Kuhn claimed that the paradigm at any moment is the world-view that scientists use when attempting to understand the universe around them.  At intervals that paradigm shifts and a whole new world-view arises, which supersedes the old one by being better at describing the universe.  But this new world-view requires a new set of conceptual apparatus; in Kuhn’s, again often-misunderstood, words, it is incommensurable with the old world-view, in that there is no easy mapping between its world of ideas and that of the old.  And so its acceptance is not an immediate process, as there is a need for familiarisation with and translation to the new way of seeing things.  Thus the sociological aspect of the theory does not question the nature of scientific truth, but is about how people react when their world-view shifts, forcibly or otherwise.

This set of ideas, particularly the notion of incommensurable paradigms, is rather tricky (which is why it is so widely misunderstood), but it is very reminiscent of  my concept of epistemic barriers, for they too describe world-views which are so different in the way they describe the universe that there is an effective barrier to communication between them.  So my goal in this essay is to explore this relationship with a view to providing a clear statement of what it means to say that there is, has been, or is about to be a paradigm shift.

I am aware that part of the problem with popularisation of Kuhn’s theory is that it is not clear to the lay-person why (say) the shift from pre-relativistic to relativistic physics was such a jolt, and little attempt has been made to explain it.  Therefore, my discussion will take examples from the history of art, specifically two major changes, that is the introduction of perspective and impressionist approaches to colour.  Both of these are paradigm shifts, and both can be described very naturally as sudden expansions of the formal language of art.  So once again we will see a link between paradigm shifts and epistemic barriers.

So this essay is organised as follows: first I will talk about my two examples, giving the art-historic background.  Then moving to looking at them in terms of the flow of ideas, I will draw out the key features of the transitions that they embody in order to arrive at a model for what a paradigm, and a paradigm shift might look like, and what incommensurability might mean.  Having established Kuhn’s terms, I will then look at them in terms of the theory of information flow provided by the concept of the epistemic barrier, with a view to reformulating Kuhn’s terms within its epistemological language and thus making a precise definition possible.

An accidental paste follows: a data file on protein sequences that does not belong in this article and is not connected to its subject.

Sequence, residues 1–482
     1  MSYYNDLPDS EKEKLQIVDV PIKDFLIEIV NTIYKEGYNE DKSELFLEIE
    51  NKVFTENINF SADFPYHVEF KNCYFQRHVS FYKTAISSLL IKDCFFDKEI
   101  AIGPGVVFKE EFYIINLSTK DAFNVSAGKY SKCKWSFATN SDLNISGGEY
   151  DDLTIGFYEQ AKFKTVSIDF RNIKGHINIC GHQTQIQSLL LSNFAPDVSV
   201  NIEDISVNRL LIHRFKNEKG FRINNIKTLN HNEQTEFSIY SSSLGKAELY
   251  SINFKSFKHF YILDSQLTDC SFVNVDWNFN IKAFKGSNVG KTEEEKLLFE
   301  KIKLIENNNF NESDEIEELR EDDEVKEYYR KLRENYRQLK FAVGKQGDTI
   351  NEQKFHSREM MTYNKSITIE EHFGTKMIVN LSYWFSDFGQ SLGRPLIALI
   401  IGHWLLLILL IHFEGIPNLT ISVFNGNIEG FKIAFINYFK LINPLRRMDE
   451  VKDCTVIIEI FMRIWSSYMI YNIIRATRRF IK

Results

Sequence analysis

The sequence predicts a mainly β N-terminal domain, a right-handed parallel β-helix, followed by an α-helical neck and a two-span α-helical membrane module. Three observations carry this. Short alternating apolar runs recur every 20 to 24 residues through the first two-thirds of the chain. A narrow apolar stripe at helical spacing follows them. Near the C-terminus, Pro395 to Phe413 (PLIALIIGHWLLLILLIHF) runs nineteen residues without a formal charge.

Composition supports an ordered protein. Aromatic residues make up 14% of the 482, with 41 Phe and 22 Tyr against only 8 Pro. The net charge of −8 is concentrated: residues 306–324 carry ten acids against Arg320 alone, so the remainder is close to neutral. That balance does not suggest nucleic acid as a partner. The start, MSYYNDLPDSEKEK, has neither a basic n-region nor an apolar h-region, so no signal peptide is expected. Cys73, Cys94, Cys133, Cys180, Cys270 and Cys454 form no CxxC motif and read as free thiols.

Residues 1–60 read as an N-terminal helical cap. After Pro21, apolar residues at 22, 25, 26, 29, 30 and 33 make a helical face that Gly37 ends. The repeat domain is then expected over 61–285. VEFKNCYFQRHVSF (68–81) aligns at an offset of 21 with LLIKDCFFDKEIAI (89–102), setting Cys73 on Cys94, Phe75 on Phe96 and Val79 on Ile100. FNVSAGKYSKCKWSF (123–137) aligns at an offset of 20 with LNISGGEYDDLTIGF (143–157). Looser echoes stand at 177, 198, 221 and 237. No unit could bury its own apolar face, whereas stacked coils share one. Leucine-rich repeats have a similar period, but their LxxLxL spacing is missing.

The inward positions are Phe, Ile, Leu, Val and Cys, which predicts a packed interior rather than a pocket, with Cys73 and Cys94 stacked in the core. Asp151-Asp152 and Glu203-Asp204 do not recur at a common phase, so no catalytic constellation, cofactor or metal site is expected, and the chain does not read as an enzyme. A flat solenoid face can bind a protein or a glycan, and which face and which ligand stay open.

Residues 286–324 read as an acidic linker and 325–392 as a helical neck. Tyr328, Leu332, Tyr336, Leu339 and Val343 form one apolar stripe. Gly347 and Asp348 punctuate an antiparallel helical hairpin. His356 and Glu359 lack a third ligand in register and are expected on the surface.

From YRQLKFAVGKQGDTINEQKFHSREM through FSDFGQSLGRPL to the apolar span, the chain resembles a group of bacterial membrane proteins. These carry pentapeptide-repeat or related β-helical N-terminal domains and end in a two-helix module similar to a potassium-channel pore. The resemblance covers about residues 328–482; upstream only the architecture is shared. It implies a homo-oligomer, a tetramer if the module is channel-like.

Paradigms shifts in the plastic arts

Example 1: perspective

Egyptian HuntingIf we look at early art, though there are occasional attempts at creating a three-dimensional effect, the artists generally seem intent on communicating an idea that on producing a perfect reproduction of things as they are (or, rather, as we perceive them to be).  The goal was a poetic truth rather than the literal truth of the senses, so art was not a scene, but rather a collection of image that conveyed the ideas that the artist considered important.

For example, consider the fine piece of Egyptian art reproduced here.  At first it looks like a typical hunting scene.  But then, why are the three figures of wildly varying size?  And why is the lady wearing the Egyptian equivalent of evening dress while on a hunting trip?  And what sort of person takes his pet duck with him when he’s going out to hunt – other ducks?  And, of course, the answer to all these questions is that if you even ask any of those questions you are looking it the image with the wrong mind-set.  In this case, we’re lucky in that the image comes (as you can see) with commentary, so we know the artist’s intent.  However, be reassured that this is not an exception; rather the, to us, unconventional conventions it displays are the norm across Egyptian art (and yes, it does say that the duck is a pet).  So, the piece is intended to show how manly and generally spiffing is the man who is the central figure, what a fine man he is, as shown by his vigour in hunting.  It’s his tomb and his afterlife, so he’s bigger than his wife, not because she was a midget, but because he is the subject of the piece, and therefore the most important object in it.  Now she’s all dressed up because obviously you want to look your best in the afterlife, don’t you?  This is an art of idealisation, not representation.  And as for the duck: well, obviously he was fond of it and wanted it to be with him in eternity.  All of which means that the image is not a picture of a real event; it represents the hero’s aspirations for the kind of afterlife he wants to live.  Hunting (in the form depicted here) was, of course, a pastime of the upper classes, so it is very clear that he has no intention of being a mere labourer in the land of the dead; he will live the life of the elite, as an obvious corollary of which he has a sexy trophy wife  and a duck he loves very much.  Note that, by Egyptian ways of thinking, even if his wife was not, in reality, a sex-bomb, the mere fact of her depiction as one within the tomb would make her one in the land of the dead.  So the image is not just a statement of desire; it is a magical machine that makes that desire a reality.  The image contains a wealth of information that our mind-set puts us in danger of losing, leaving only incomprehension.